Two days after Hurricane Sandy hit New York, Barbara Garofalo, a lifelong Sea Gate resident, stood in front of the community’s chapel, which had been turned into a makeshift headquarters for emergency personnel.
She watched bulldozers work their way through the ruins of the neighborhood’s private beach club, surveying the piles of rubble and twisted metal and the uprooted cabanas that littered the streets after the storm sent waves crashing through the neighborhood’s beachfront homes, ripping several off their foundations. Eyeing the damage, Ms. Garofalo couldn’t help but wonder whether some of the houses could have been saved if a planned government project to reinforce the community’s beaches had started sooner.
“They have the money in process, but they haven’t started it yet,” said Ms. Garofalo. “Maybe we would have had water damage, but maybe would have—could have saved the homes. Every home on the beach is gone. It breaks my heart.”
For at least two decades, there has been an effort to reinforce Sea Gate’s beach with a multimillion-dollar array of what is known in the parlance of coastal engineers as “heavy armoring”: walls, jetties and rock barriers known as “t-groins” built to stop and absorb energy from waves before they batter the shore.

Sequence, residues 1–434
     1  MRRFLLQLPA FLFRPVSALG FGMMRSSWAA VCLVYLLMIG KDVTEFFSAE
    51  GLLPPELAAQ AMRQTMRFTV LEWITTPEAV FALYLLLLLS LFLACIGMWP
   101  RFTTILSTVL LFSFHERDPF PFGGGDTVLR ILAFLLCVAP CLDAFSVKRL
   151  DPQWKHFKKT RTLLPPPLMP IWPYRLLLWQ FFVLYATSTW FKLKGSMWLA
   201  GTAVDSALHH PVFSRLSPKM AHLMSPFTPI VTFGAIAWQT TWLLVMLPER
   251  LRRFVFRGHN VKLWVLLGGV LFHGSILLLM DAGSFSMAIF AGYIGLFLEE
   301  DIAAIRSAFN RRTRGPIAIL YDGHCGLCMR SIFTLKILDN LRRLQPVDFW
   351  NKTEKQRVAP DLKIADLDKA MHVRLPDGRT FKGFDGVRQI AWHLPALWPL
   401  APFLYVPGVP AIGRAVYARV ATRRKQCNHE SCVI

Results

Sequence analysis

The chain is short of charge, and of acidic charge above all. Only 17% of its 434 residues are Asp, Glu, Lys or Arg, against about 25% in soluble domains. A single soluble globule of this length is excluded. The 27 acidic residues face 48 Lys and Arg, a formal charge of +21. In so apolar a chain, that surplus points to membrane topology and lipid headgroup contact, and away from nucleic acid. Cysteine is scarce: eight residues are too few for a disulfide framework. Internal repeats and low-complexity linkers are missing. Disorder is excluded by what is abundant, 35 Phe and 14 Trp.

In April, after a long series of delays due to bureaucratic and political factors, more than $26 million in federal, city and state funds was finally secured to install a storm protection system in Sea Gate. Construction was slated to begin late this year, but it clearly wasn’t fast enough to fight the hurricane.
Even if the storm protection planned for Sea Gate had been in place before the waves crashed through the neighborhood last month, it probably wouldn’t have been sufficient to withstand a storm of Sandy’s magnitude. But with growing acknowledgment that climate change is leading to fiercer weather patterns, the decades-long saga to shore up Sea Gate is a dramatic illustration of how potentially lifesaving civil engineering measures are being outpaced by the forces of nature.
Congressman Jerrold Nadler was elected in 1992 to represent a seat that includes parts of Manhattan as well as Sea Gate and Coney Island on the southwestern tip of Brooklyn. Less than two weeks after he arrived in Washington for Congress’s freshman orientation, Sea Gate was hit hard by a nor’easter, and Mr. Nadler received a call from an aide who said, “Congressman, I think you better get back, your district is being washed to sea.”